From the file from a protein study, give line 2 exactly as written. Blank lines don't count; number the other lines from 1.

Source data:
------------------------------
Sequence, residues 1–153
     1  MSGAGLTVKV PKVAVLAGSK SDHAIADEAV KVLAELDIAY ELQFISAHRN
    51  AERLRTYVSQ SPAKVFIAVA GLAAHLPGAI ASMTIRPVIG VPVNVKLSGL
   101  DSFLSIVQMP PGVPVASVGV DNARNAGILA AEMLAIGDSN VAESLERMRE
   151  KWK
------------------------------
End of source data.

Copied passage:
     1  MSGAGLTVKV PKVAVLAGSK SDHAIADEAV KVLAELDIAY ELQFISAHRN